Read the first two chapters below for free before buying your copy of a Pathway to Peace, a heartfelt, captivatingly detailed memoir – and an unforgettable journey of self- and spiritual discovery – from the perspective of a cancer co-survivor.
I pulled into the parking lot of Green Guys Landscaping on an unseasonably warm, muggy spring day, then sat in the car for a moment and waited. The air conditioner in my old Mustang did not work. Sweat slowly dripped from my pores as I pulled nine hundred dollars in cash from my pocket. They were all twenty-dollar bills, all forty-five of them. I counted twice to make sure.
I unbuckled my seat belt and paused before getting out of the car.
Emotion overcame me as I recalled the last six years of my life. Listening to Christian rock on the radio, I thought about how much pain and difficulty we had endured yet how blessed we had been. Things were different now. Heck, I was listening to Christian music, which I had loathed until several years earlier when my wife became hooked on it. Somehow, Bridget had convinced me that it was cool—at least, I occasionally listened to it because I liked the message and spirit and lyrics, a constant reminder of God’s grace in our lives. There seemed to be more positive energy in my life now, and I was more open to and aware of His presence, which was everywhere.
Tears welled in my eyes as I listened to a song by Tenth Avenue North:
This is where the healing begins, oh
This is where the healing starts
When you come to where you’re broken within
The light meets the dark
The light meets the dark…
When the song ended, I took a deep breath, wiped my eyes, and opened the door. The entrance was nearby, but it seemed the distance of a football field.
Nobody was around when I entered. The office was cool and spacious and had a backyard waterfall display in the lobby, a steady stream of water gently trickling down the rocky incline and spilling several feet below into a small pool. The serene sound of the water did little to ease my nerves.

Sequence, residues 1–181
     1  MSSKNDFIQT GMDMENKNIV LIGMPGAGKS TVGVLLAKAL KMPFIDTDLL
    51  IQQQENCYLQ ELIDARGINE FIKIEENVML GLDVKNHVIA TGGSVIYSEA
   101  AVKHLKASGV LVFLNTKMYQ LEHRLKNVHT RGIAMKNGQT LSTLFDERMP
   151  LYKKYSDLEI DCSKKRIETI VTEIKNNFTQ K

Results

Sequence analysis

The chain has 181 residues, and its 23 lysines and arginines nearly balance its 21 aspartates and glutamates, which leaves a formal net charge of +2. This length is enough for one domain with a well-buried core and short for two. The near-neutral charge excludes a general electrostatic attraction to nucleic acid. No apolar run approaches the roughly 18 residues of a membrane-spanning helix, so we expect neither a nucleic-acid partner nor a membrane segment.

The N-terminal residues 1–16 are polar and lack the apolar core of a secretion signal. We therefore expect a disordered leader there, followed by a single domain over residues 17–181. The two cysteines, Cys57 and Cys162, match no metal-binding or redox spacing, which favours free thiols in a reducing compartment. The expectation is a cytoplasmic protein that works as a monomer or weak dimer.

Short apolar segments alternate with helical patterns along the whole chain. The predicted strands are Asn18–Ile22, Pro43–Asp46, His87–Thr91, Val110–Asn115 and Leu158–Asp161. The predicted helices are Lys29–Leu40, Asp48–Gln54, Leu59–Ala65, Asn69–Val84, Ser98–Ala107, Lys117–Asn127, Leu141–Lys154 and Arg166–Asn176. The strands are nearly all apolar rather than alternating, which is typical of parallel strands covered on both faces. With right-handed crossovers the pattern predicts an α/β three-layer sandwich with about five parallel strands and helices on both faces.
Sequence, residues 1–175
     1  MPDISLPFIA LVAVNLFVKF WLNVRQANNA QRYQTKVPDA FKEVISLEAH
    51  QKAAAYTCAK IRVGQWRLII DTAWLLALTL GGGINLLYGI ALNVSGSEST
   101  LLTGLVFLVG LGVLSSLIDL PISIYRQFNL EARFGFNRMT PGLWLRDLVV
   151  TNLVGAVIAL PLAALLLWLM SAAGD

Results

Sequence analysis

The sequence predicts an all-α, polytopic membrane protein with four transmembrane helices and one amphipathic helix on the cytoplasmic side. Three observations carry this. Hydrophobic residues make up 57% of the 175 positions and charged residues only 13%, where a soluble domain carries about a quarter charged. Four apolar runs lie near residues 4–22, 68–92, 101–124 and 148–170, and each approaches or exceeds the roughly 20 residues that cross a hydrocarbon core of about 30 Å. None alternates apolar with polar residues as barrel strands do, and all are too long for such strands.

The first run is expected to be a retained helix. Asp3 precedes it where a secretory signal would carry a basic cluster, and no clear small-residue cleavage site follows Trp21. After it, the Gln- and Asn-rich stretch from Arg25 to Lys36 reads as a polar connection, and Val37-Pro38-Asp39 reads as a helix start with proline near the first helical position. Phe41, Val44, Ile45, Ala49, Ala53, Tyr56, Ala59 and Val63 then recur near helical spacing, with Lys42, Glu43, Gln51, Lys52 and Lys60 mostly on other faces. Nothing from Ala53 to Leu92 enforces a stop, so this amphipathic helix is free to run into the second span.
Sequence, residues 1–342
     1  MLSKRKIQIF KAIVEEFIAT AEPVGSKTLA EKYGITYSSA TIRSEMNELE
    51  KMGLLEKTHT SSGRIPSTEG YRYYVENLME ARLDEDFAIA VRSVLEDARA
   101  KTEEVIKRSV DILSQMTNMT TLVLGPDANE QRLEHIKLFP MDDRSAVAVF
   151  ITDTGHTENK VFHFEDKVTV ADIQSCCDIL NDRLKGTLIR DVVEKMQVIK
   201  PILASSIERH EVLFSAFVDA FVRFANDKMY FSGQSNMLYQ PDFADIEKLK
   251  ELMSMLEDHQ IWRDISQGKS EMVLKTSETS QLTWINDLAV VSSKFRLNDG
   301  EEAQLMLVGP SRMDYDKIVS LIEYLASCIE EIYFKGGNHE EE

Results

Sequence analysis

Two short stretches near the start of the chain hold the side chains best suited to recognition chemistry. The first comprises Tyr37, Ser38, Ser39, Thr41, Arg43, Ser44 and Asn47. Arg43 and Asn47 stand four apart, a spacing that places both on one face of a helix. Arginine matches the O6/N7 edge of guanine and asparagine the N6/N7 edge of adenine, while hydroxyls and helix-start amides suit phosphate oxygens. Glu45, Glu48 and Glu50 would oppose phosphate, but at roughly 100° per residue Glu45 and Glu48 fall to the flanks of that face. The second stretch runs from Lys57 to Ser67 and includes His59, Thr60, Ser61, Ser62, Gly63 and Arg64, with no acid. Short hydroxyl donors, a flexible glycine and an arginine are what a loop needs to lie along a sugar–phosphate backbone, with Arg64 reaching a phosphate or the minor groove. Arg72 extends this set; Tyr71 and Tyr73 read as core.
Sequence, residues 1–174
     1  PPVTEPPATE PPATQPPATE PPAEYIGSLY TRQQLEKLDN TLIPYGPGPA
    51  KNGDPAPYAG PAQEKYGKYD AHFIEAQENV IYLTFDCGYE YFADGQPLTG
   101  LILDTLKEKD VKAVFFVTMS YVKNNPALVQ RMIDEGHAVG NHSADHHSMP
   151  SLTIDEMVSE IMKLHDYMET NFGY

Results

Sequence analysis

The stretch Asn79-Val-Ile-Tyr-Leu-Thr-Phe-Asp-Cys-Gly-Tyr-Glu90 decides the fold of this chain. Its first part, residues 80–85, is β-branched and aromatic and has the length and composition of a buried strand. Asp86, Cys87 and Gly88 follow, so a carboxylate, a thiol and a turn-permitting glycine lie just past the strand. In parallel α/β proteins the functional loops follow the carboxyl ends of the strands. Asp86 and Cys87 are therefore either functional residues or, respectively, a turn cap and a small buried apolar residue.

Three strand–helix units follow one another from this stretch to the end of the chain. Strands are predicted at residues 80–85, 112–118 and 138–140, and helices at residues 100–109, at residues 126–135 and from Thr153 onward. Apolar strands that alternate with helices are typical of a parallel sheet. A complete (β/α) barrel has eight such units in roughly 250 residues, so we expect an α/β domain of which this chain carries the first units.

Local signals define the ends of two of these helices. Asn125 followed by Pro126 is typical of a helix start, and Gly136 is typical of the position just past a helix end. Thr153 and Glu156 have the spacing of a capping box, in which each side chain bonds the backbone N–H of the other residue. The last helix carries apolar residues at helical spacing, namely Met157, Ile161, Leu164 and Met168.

After a couple of minutes, a woman entered. “Can I help you?”
“I’m dropping off some money for Dan.”
“I’m sorry, he’s not here.”
I pulled out the wad of cash. “Can you give this to him?”
“What is this for?” She spoke cautiously.
“I’m paying for lawn service for a couple of families.”
There was silence. Whoever paid for lawn service upfront, in cash no less? I wondered. Maybe she thought I had lost a bet. In any case, I felt the need to tell her what the money was for, though I did not want to make a big deal of it.
“The two families are dealing with cancer,” I said. “My wife and I just started a charity, and we’re trying to help them out.”
Her demeanor changed instantly. “Really?” she replied, smiling now with wide radiant eyes. After pausing, she continued, “Yes…let me get you a receipt.”
The woman carefully counted all of the money, occasionally shaking her head in disbelief, then gave me a receipt.
“I’ll make sure Dan gets this,” she said, holding the money and still smiling.
I seemed to float across the parking lot back to my car. At long last, all of the pain and heartache seemed to have been worth it. Everything had finally come full circle. We were paying it forward now. The first families would benefit from our new charity, Bridget’s Brigade, and feel some relief amid the stress, agony, and difficulty of cancer.
After Bridget’s diagnosis, a few of my classmates from high school had arranged for a lawn service to help ease our burden. When they went to pay the company, the owner, who was a family friend, insisted on providing his service free of charge. Bridget and I always remembered Dan’s kindness. He was just one of many family and friends who did more for us than we could have expected or imagined, and when we were able to help others through Bridget’s Brigade, we called Dan. He was thrilled to help but would only allow us to pay him enough to cover his costs. Our discount, he said, could be used to help more families.